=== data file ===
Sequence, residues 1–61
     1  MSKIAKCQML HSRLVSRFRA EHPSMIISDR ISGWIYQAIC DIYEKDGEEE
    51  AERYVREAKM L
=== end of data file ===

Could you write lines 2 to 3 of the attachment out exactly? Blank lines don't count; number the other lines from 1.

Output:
     1  MSKIAKCQML HSRLVSRFRA EHPSMIISDR ISGWIYQAIC DIYEKDGEEE
    51  AERYVREAKM L